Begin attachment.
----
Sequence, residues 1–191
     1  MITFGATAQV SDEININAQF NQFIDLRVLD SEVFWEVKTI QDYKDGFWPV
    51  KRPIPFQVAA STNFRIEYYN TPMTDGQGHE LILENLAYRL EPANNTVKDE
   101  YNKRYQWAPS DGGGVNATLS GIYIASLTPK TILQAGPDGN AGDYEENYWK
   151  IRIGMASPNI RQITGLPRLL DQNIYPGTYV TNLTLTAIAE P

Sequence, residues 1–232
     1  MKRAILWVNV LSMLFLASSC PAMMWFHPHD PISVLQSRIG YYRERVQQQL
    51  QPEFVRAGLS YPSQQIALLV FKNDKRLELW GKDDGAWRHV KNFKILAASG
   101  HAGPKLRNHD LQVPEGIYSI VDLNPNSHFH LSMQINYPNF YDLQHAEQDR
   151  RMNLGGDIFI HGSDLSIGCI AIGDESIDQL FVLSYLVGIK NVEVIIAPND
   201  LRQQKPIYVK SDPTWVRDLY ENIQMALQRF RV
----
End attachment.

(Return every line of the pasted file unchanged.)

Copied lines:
Sequence, residues 1–191
     1  MITFGATAQV SDEININAQF NQFIDLRVLD SEVFWEVKTI QDYKDGFWPV
    51  KRPIPFQVAA STNFRIEYYN TPMTDGQGHE LILENLAYRL EPANNTVKDE
   101  YNKRYQWAPS DGGGVNATLS GIYIASLTPK TILQAGPDGN AGDYEENYWK
   151  IRIGMASPNI RQITGLPRLL DQNIYPGTYV TNLTLTAIAE P

Sequence, residues 1–232
     1  MKRAILWVNV LSMLFLASSC PAMMWFHPHD PISVLQSRIG YYRERVQQQL
    51  QPEFVRAGLS YPSQQIALLV FKNDKRLELW GKDDGAWRHV KNFKILAASG
   101  HAGPKLRNHD LQVPEGIYSI VDLNPNSHFH LSMQINYPNF YDLQHAEQDR
   151  RMNLGGDIFI HGSDLSIGCI AIGDESIDQL FVLSYLVGIK NVEVIIAPND
   201  LRQQKPIYVK SDPTWVRDLY ENIQMALQRF RV